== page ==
Effective Training Strategy & Design – Truth vs. Fiction

There are many “myths” which have grown up around good learning strategy and training design. It can be hard to know which of these are valid and which ones are simply not true. In this blog we look at the research into neuroscience to help identify truth from fiction.

When sourcing a training programme companies often start by specifying what they want included, the number of days they want to allocate to the training and the level of the delegates.

A typical example of an email enquiry from a company might go something like this:

We want to run an intensive, challenging course for a number of managers who are new to the role. We want them to be put under pressure and we can’t have them away for more than one day. We also want the training designed so that we get a report on how they have done against their peers to check that we have promoted the right people

This initial specification makes my heart sink as it almost guarantees that if the customer goes ahead with sourcing this type of training then the course will achieve at best little and at worst stressed delegates who have learned absolutely nothing. It is this type of “training” that gives training companies a bad name!

So what can neuroscience teach us in terms of designing an effective training course?

All of the research into how the human brain functions tells us that cramming too much into a short time frame actually reduces rather that improves learning. In addition, when people in a learning situation perceive themselves to be in direct competition with their fellow delegates then this can also interfere with learning.

According to research by Jessica Payne from the University of Notre Dame, the human brain learns best when it is in a good mood, is mildly stressed, and is not over-tired.

Negative emotions are known to increase physiological arousal, narrow focus and restrict behaviour. Research by Barbara Fredrickson showed that a broader focus of attention was achieved when people were in a positive mood and that this allowed them to be more creative and give flexible responses – all of which are essential for true learning.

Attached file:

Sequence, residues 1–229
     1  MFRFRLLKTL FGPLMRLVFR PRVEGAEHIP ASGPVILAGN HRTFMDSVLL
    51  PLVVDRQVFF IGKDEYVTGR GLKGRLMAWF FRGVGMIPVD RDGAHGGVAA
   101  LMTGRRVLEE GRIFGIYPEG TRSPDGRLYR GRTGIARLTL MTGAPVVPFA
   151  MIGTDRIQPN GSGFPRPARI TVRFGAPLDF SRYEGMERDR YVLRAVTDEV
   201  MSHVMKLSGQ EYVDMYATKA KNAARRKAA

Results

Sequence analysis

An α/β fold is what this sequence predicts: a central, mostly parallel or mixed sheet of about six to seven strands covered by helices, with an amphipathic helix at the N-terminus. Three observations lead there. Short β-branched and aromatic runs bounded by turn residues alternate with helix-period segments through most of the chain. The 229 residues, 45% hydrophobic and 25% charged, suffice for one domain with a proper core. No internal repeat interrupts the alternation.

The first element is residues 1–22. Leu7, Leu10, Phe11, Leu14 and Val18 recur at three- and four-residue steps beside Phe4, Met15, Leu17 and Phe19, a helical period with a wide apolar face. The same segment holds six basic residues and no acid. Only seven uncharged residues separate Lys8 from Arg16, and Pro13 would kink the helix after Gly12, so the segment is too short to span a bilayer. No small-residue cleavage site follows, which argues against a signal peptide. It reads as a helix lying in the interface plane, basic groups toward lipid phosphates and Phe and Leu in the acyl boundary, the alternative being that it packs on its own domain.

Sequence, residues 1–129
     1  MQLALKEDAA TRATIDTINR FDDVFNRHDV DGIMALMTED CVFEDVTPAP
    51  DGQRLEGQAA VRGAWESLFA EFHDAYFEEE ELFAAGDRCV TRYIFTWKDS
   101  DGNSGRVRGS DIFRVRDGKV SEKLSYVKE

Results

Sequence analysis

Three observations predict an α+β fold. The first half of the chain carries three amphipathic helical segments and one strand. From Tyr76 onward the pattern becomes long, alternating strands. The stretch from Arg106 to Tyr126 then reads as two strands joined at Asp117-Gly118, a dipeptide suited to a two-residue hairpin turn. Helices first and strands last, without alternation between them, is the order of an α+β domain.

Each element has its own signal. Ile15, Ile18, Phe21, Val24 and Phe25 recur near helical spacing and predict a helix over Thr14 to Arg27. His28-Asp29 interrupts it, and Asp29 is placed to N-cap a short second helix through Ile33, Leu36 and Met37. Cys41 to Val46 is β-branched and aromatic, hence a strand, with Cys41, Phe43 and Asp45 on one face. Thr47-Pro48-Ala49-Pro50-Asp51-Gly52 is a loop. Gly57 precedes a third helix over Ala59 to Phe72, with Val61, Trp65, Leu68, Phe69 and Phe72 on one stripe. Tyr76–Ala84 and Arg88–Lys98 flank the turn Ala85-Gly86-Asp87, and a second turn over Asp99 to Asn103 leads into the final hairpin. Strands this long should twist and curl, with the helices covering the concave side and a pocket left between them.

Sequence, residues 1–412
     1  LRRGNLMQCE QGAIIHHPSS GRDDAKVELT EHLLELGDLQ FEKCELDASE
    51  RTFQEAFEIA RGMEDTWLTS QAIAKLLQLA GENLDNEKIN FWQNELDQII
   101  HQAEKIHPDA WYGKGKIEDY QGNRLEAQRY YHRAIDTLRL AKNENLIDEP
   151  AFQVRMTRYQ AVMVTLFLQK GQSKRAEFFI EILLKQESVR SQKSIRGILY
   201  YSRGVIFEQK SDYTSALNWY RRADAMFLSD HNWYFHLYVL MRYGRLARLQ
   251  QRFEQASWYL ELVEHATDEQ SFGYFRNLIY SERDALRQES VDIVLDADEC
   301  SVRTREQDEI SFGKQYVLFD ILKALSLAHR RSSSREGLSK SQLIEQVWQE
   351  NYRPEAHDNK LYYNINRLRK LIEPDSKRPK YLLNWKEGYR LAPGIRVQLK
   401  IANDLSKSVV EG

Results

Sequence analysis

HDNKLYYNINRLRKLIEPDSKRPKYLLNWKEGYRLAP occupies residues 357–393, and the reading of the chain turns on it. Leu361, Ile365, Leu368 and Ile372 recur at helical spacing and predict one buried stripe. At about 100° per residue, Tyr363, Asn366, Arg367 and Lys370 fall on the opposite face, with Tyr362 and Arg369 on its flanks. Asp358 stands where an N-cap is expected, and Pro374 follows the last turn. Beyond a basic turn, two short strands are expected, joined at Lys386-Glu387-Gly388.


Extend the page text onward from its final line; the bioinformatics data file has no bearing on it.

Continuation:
Research has shown that the ideal conditions for learning are created when there is a balance between the level of challenge in a situation and the learner's perceived ability to carry this challenge out. In these conditions learners are in what is known as “optimal flow state” and their rate of learning is at its highest.

If the challenge is too low, then people coast. But if it is too high, then they panic. Putting people under too much stress also reduces memory retention of neutral facts, such as the background details.

So, in any development or training programme, the delegate’s stress levels need to be reduced to the point of optimal flow. This means designing exercises that stretches the learners just beyond their comfort zone.

Being in a good, positive mood has been shown to improve people’s problem solving ability. A recent laboratory experiment, which is also supported by Beeman’s research on problem solving “Aha” moments, showed that people solved 10% more problems and solved 20% more of them through insight when they arrived with (or were put into) a good positive mood prior to the problem solving test.

Are you sourcing training where there is sufficient time for delegates to learn? Where the atmosphere is one in which people are both challenged and supported and where they can have some fun whilst they’re doing so? And where they know that they, and your organisation, will benefit from the learning?